[Feature request] new test type for handwriting characters + more

scribble

Member
Hi all,

I am using Pleco every day and am coming to a point where I really need to improve my knowledge of how to write to remember more characters.

Here are my suggestions:

1. Create a new test-type called "handwriting". It would just be a simple input field using the handwriting input used in the dictionary. The user can handwrite a character and select the closest match from the automatic suggestions as usual. This would be very simple to implement and add a lot of functionality. Right now I have to write on a sheet of paper and then compare my character with Pleco. (If I forget stroke order I have to tap through many menus to access the diagram.) This has already been requested in the forum in the past.

2. Obviously it wouldn't be perfect as Pleco wouldn't know stroke order with the standard handwriting input. So an alternative implementation might be to use the stroke order diagram, change it so that a stroke must be drawn rather than tapped, and use that as an input method. But that might be much more tricky to implement. Personally I think stroke order is learned fairly quickly, so it is not so important.

3. Finally, another huge functionality boost would be the ability to select cards by the number of strokes. This information is already in the dictionary so it should be very easy to implement. It would allow users to first practice simple character and progressively advance to more complex ones, and together with the first (and second) suggestion, keep track of which one's they know how to write.

Thanks for creating such a great app,

S
 

mikelove

皇帝
Staff member
We actually already support #1 now - set the test type to "fill in the blanks" and "prompt for" to "characters."

#3 I'm a little wary of pedagogically - a lot of simple characters are not really very useful, and a lot of tricky many-stroke ones are among the most important characters in Chinese. So I don't know if it's a grouping that's likely to do that much good for learners.
 

scribble

Member
Oh great, I just discovered it.

But I disagree with you on number 3; complex characters are usually just amalgams of simpler ones, and so knowing simple characters with few strokes helps writing complex ones with many strokes. Chinese characters are modular, so learning modules individually is very helpful. I think it is very useful to group characterise by complexity rather than importance. It is very easy to implement, and does a huge favour to people who want to learn characters with few strokes first, rather than the most important/common characters.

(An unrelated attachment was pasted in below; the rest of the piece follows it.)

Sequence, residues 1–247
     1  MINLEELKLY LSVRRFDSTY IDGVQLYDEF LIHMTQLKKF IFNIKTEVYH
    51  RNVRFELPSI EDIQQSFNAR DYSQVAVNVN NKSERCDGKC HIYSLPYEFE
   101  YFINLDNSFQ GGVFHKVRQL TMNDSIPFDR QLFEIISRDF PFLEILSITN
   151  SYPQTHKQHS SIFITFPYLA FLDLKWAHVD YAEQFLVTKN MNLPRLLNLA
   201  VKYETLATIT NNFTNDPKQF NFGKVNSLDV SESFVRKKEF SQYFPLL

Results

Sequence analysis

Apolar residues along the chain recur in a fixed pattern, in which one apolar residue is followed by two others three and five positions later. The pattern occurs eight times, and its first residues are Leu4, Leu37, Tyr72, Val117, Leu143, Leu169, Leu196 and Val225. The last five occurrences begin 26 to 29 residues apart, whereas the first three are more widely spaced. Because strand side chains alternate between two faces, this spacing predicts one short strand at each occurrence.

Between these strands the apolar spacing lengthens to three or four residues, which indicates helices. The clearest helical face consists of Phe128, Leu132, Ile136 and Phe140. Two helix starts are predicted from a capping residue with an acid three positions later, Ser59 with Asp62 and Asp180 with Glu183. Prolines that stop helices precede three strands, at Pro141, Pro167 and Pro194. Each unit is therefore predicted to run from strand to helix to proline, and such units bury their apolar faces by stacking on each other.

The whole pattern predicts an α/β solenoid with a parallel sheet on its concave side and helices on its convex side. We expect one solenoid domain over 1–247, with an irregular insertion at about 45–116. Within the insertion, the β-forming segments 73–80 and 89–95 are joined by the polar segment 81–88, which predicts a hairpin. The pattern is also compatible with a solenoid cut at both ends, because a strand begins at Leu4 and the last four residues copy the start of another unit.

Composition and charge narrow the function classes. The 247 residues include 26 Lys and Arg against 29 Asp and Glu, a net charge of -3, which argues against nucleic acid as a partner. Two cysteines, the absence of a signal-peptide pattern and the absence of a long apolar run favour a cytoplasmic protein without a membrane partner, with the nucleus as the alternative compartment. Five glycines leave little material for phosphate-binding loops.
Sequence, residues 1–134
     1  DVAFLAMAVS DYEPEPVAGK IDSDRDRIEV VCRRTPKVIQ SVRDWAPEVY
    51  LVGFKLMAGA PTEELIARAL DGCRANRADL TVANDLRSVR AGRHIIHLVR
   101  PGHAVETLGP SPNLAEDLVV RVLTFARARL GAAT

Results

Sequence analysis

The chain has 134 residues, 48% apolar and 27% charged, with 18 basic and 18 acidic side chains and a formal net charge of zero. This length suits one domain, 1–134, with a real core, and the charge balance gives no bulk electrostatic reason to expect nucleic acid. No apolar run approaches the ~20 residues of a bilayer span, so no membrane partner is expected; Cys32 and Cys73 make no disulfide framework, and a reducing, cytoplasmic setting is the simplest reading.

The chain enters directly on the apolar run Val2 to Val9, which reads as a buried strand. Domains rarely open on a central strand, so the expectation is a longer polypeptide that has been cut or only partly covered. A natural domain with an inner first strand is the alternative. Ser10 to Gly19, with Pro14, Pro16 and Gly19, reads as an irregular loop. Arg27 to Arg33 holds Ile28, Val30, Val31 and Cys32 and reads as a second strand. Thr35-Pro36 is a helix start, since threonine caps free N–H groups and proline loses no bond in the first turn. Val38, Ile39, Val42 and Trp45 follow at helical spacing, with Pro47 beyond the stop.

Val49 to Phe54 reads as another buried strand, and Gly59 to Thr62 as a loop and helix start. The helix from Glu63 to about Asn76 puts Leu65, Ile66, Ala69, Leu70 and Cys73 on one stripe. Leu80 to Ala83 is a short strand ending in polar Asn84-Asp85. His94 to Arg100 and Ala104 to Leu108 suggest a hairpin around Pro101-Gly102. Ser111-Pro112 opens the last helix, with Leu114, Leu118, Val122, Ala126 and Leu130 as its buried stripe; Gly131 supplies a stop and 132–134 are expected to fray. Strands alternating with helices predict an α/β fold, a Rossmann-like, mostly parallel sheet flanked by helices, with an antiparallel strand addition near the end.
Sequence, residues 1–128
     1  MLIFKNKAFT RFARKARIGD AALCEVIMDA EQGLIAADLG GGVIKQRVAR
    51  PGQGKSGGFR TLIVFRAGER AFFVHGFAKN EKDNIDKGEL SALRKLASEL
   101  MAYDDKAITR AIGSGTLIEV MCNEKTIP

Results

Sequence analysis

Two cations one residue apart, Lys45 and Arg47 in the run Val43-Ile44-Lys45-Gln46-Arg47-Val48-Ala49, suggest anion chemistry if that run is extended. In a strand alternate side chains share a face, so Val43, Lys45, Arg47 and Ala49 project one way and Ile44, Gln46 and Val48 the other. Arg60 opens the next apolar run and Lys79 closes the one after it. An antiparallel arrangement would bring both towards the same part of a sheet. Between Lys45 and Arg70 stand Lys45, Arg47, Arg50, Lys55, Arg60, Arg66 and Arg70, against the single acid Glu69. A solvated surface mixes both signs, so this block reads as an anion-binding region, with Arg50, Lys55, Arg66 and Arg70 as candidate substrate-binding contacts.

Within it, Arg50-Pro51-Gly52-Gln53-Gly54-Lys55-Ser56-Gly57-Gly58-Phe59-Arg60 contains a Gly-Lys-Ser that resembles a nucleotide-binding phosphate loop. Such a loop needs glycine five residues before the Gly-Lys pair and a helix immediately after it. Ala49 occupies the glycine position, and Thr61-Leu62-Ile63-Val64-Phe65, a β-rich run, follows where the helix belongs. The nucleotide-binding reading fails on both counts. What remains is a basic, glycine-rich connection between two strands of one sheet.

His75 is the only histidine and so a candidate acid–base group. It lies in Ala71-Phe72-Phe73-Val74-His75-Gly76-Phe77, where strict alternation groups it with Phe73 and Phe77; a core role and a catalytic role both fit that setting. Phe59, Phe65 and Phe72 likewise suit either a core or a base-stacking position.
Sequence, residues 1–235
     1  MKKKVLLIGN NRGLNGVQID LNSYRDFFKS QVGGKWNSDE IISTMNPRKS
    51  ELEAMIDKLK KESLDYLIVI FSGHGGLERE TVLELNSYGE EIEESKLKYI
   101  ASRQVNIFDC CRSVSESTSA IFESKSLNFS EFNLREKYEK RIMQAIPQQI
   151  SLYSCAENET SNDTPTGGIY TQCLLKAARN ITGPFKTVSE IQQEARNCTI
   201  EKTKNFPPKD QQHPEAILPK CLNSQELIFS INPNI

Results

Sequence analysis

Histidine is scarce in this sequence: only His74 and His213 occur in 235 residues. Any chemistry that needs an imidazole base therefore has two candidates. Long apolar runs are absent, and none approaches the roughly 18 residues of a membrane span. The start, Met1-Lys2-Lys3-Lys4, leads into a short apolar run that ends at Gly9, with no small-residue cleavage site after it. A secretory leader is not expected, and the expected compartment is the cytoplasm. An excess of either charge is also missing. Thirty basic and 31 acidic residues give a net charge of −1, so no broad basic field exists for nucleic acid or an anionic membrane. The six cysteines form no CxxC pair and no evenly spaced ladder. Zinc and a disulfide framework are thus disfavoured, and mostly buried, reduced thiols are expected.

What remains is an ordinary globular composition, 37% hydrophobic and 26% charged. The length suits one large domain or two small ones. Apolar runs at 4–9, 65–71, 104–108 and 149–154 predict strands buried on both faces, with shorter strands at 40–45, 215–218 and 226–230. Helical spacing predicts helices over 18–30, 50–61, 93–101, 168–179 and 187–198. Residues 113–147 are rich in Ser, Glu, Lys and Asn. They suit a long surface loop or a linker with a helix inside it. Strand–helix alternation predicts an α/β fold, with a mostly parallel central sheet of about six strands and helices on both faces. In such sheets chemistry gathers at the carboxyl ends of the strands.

mikelove

皇帝
Staff member
Oh there's certainly value in learning simpler characters, I just don't think that number of strokes is a good way to filter them - there are far too many rare / useless components with a small number of strokes and too many common ones with a lot of strokes. If you want to learn characters through components then you really need a curated list rather than an automatically generated one.
 

JD

榜眼
I'm curious...is there really a good, modern use for the number of strokes in a character? I've only been learning Mandarin for a year, so I'm very new to it. However, in my usage, the only times I've studied the number of strokes was for my own education as a bit of trivia. I understand that prior usage was so that characters could be looked up in a print-and-paper-based dictionary. But with the way electronic keyboards and dictionaries work now, it seems to me that stroke number has become the equivalent of "learning to ride a horse" or "how to shift a standard/manual transmission".

JD
 

jlnr

进士
JD: If you can't correctly write a character by hand (to look it up in Pleco) and OCR does not recognise it, then what do you do other than counting the strokes? I usually try to find the radical first, but for some characters, it just seems arbitrary. And even if I can guess the radical, counting the remaining strokes still speeds up the lookup process :)